Keren Levi | Foto: Christina Chouchena
A letter from Keren
Auteur: Keren Levi
Gericht aan: Igor Dobricic
The development of any artistic discipline demands out of the critic to acknowledge artists and works of art that set to observe and question existing norms and conventions. As every experiment, also a ‘failed’ one, is valuable since it proposes one way or another new knowledge, this quality has to become an essential criteria in the evaluation of the work.
I have presented my work as a choreographer in The Netherlands for more than ten years. My experience in receiving critique is varied as my work has been a subject for both positive and negative views. To an extend I was not as bothered about the issue of critique till recently, when I had to deal with some of the critique that was written about my latest work. It is never pleasant to receive bad critique but in my experience it is as unpleasant to receive poorly conceived and carelessly written critique. One can argue that a critique of this sort can only insult its own writer. But in my opinion it also reflects on more general tendencies which call for reexamination of the function of art critique and the role of the critic. Inclinations such as the mixing between ‘reviews’ and ‘critique’, the star-marks system, the out of context, sensational titles, the thinning discourse and above all uninformed and out of touch writers, should become a cause for worry not only for artists who might end up caught in their elusive net, but for anyone who has a heart for the arts. In the face of what seems to be the inevitable end of printed media, with all its merits and faults, the approach towards the writing of art critique has to be reevaluated, in relation to its regarded history as well as its future potential.
If the task of the critic is to judge the work of art, then she must employ a reflective attitude. One can argue whether the demands concerning the making of art can be compared with the work of critique writing. Yet the critic has to keep in mind that both processes (creation and judgement) request a similar level of attention and care. The critic has to engage herself in the work out of this fundamental acknowledgment, or in other words to actually give it a thought. As any judge obliged to do, concluding a verdict carries a huge responsibility that has to be embodied in the writing process as well as in the text itself.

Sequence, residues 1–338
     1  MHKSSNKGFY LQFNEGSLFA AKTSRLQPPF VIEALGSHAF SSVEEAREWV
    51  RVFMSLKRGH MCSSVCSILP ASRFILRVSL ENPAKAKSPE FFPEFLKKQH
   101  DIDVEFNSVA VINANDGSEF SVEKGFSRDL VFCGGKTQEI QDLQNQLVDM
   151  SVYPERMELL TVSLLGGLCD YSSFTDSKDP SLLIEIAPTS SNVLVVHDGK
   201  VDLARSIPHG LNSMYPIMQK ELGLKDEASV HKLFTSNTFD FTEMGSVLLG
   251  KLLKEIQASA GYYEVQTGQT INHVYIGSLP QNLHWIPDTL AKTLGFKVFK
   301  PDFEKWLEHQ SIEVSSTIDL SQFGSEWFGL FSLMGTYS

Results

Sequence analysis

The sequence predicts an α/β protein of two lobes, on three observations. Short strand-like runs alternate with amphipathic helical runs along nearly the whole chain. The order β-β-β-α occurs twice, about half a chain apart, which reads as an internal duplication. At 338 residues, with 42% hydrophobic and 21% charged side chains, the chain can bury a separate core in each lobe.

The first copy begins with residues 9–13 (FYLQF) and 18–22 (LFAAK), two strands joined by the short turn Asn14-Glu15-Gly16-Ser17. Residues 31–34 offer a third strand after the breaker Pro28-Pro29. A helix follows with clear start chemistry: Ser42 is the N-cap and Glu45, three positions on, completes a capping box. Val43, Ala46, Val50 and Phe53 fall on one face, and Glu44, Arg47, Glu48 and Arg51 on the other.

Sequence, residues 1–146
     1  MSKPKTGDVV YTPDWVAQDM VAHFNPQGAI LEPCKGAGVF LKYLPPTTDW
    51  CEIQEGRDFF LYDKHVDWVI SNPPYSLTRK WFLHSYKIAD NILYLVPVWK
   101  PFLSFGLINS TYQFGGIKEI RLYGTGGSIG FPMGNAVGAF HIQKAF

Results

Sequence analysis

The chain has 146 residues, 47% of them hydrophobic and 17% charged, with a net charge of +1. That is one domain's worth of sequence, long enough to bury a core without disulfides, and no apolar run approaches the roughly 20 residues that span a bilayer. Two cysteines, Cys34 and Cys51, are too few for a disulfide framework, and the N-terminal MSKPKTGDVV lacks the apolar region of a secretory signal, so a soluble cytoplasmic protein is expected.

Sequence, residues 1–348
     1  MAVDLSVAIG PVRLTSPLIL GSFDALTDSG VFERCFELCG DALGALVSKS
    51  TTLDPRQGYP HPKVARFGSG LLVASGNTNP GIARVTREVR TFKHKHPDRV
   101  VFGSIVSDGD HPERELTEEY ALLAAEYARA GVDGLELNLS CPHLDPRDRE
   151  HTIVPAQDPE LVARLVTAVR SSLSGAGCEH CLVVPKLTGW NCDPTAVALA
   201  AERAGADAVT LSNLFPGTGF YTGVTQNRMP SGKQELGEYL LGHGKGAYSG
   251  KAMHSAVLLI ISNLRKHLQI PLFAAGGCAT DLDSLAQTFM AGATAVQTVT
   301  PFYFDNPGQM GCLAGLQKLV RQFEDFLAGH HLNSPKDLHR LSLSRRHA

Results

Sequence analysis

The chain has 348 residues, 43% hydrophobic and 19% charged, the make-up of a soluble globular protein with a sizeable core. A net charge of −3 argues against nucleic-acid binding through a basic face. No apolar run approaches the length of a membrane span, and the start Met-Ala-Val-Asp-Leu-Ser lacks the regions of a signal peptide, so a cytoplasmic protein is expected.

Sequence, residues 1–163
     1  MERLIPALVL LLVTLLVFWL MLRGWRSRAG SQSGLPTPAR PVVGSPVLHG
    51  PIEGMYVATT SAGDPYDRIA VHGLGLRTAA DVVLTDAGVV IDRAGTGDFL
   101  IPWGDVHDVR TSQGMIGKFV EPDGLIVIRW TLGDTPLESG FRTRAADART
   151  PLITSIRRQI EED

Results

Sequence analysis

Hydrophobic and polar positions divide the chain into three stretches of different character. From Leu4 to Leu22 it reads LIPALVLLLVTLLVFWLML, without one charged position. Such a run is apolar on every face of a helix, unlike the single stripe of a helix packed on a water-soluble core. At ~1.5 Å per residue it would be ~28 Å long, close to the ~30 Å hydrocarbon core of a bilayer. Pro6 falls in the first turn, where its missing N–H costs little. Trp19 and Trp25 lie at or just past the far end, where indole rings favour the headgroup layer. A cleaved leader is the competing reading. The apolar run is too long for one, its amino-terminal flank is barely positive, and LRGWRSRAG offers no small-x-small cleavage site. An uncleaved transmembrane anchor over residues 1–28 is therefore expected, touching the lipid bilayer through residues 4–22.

The critic has to research her subject matter and gain knowledge about the art work, the context in which the work was created and the artist herself. The critic has to be able not only to base her critique on the artistic discipline of the art work itself, but also in relation to her own individual value, belief or taste system. The critic should reveal the connection of the work to current or historical events and phenomenas, in order to situate the work in relation to its socio-political environment. When the critic is educated or specialized in other disciplines than the work of art which she sets up to judge, this information has to be communicated to the reader.
Transmission of Knowledge
Serving the reader does not only imply an authorization of a specialist in regard to the quality of the work but also furthering the knowledge of the reader about the art discipline. This means that in conversation with conventional views, the critic has to be able to offer perspectives about the art work other than standard opinions, which might include ‘inside information’ about how the art discipline operates.
The development of any artistic discipline demands out of the critic to acknowledge artists and works of art that set to observe and question existing norms and conventions. As every experiment, also a ‘failed’ one, is valuable since it proposes one way or another new knowledge, this quality has to become an essential criteria in the evaluation of the work. Work of art which confirms what we already know instead of opening new horizons, even when it is well crafted, should be questioned as much as experimental work that might have not gained (yet) a final from.
I believe these considerations should construct the critics ‘must code’. I am curious, Igor, to know how do you envision the role of the critic and what is your opinion in regard to my points.